Sony’s MLB 09: The Show claims to be “the most realistic baseball game ever.” And perhaps it is, but that’s not saying much.
It seems like only yesterday that ownership of the Chicago White Sox was usurped by Ozzie Guillen and his band of misfits. With the newly-dubbed “Sleazesox” dominating the American League, records were smashed. It quickly became clear that the emerging ace, Horacio Ramirez, had a golden arm, eliminating the need for a standard pitching rotation and bullpen. His shoulder witnessed feats never before seen in the annals of the American pastime.
1100 innings pitched. 95 wins (and 98 complete games). 523 strikeouts. Over 1100 hits and 117 homers allowed. Horacio Ramirez produced a season for the ages, and all on a minuscule contract, with very little talent, and zero energy the entire season. His frequent day game performances after pitching into extra innings only the night before were unprecedented. And it usually worked. Many speculated that he would be headed to the disabled list at any given moment, but that moment never came. (Realism note: Horacio’s mediocre career stats do not suggest that he’s remotely capable of anything like this. In fact, he has only won two games since 2008.)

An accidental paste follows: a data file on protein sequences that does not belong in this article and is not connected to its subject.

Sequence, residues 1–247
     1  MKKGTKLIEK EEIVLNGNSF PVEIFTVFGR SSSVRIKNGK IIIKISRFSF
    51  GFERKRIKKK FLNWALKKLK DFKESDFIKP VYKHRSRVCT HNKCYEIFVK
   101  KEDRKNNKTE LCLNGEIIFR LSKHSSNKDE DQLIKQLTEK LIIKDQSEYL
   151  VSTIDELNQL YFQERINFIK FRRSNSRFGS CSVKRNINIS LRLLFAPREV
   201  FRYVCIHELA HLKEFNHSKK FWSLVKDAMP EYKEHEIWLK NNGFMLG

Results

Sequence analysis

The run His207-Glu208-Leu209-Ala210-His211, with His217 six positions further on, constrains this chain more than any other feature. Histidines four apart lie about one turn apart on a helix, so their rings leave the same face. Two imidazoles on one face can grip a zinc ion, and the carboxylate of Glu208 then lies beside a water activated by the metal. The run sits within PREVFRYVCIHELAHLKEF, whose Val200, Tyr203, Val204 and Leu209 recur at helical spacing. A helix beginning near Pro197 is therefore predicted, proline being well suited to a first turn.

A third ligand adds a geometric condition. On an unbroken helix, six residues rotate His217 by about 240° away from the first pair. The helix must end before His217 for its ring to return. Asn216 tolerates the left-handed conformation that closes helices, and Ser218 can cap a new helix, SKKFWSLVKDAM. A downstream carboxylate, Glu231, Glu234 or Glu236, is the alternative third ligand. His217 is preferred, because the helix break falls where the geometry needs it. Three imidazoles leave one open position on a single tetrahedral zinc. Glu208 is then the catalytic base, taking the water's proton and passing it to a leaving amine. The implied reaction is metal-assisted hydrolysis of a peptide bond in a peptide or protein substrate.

And then there was the reinvigorated Frank Howard, two-time AL home run king. All he did was win the triple crown, batting .388 with 49 homers and 130 RBI. His 1.122 OPS led the professional circuit. He batted nearly .430 against left-handers, and also stole 25 bases – because he could. (Realism note: unlike Horacio, Frank Howard may have been capable of some of this output during his prime – albeit not this extreme. His average real season saw him bat .100 points lower, with an OPS .300 points lower. And he never stole more than one base in a season.)
Finally, if those numbers weren’t enough, how’s this for a blow to realism: Sal Fasano played second base all season long and batted .293, with over 40 RBI (most from suicide squeeze). And the White Sox won 119 games, effortlessly at times. It should be interesting to see what their new incarnation is capable of in MLB 11: The Show. If trends continue, new records will be set.